Like so many Latin American towns, Cusco has a fantastic local market (Mercado Central de San Pedro) with a section of cooked food stalls serving up huge portions of delicious local grub.....Cheap!

Grilled Marinated Beef, Rice, Fries and a Fried Egg

Pork Milanesa, Rice, Fries, Spicy Salsa

As Cusco is a major tourist destination it also has a great higher end food scene.

Anchovy Tapas

Chifa is Peruvian Chinese Food,  Chinese Flavours with delicious Peruvian Ingredients

As everyone traveling to Peru passes through Cusco, it's a great place to meet up with fellow Overlanders for a pint.

No shortage of tourist shops to work out a new look.

On the way to market to grab some ingredients for a Peruvian cooking class with Rachael and Richard from the UK.

Our Chef and assistant picking out potatoes from the more than 4,000 varieties found in Peru.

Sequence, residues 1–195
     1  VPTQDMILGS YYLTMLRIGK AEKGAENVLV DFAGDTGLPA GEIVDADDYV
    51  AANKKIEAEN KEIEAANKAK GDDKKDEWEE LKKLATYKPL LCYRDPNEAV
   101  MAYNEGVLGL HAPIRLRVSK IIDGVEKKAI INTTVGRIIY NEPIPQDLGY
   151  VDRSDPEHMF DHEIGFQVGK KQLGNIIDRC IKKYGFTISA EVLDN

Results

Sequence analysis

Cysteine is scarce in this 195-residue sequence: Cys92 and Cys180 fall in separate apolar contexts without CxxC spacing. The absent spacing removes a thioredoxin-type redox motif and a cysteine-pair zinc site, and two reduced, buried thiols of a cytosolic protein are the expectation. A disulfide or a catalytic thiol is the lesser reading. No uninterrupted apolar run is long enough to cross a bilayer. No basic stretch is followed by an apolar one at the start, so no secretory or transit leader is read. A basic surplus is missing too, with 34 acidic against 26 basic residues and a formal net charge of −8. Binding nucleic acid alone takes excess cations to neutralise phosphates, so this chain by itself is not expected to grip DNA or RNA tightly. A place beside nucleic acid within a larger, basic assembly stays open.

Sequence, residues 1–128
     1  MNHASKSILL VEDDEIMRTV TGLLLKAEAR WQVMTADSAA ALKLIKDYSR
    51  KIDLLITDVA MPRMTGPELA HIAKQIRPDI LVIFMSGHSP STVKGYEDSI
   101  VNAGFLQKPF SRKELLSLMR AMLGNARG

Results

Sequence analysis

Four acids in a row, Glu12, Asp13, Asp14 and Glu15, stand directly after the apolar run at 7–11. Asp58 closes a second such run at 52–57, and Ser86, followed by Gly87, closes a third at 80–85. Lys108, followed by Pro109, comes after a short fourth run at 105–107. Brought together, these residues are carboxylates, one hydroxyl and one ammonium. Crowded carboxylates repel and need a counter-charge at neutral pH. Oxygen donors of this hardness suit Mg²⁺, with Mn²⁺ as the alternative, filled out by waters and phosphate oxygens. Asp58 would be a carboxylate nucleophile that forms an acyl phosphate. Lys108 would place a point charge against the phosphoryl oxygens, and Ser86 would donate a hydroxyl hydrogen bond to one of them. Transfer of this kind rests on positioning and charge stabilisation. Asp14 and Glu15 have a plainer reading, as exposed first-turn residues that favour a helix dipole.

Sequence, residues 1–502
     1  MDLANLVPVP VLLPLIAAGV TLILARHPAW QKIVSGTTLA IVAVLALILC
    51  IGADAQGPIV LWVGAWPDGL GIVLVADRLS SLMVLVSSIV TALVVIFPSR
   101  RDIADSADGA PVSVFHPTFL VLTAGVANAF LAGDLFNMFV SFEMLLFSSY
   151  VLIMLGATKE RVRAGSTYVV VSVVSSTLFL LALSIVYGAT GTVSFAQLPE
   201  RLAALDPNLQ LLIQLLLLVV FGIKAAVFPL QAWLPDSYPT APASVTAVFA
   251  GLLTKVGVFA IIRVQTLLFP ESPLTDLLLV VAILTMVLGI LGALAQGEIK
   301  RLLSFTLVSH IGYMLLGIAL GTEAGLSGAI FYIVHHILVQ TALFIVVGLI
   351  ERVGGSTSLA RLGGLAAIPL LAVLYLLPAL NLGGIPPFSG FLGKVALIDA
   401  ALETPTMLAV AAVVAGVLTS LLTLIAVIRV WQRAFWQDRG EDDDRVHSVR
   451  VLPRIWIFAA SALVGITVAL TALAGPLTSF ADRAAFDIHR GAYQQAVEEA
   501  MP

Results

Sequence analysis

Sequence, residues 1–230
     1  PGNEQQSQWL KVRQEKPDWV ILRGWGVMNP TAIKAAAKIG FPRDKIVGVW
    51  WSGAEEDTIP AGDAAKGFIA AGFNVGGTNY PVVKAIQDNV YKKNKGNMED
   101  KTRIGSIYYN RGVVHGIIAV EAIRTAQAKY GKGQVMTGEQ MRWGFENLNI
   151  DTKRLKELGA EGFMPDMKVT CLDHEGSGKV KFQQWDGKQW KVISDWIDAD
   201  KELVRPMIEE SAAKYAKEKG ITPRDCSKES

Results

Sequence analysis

It was soon time for our Inca trail hike to Machu Picchu - 4 days climbing over 4200m mountain passes and one of the best experiences of our journey.

The Inca trail hike begins in Ollantaytambo.  After completing our four day trail hike we'll return to town in comfort aboard PeruRail.

Our hike begins under cloud cover but the skies will soon clear to reveal the spectacular scenery of the Sacred Valley.

Once underway, we start to feel the burn in our legs almost immediately.

...and then our porters who are carrying virtually all of our gear fly past us like we're standing still.

Each afternoon this group beats us to the site and sets up our camp before we can drag ourselves up the mountain.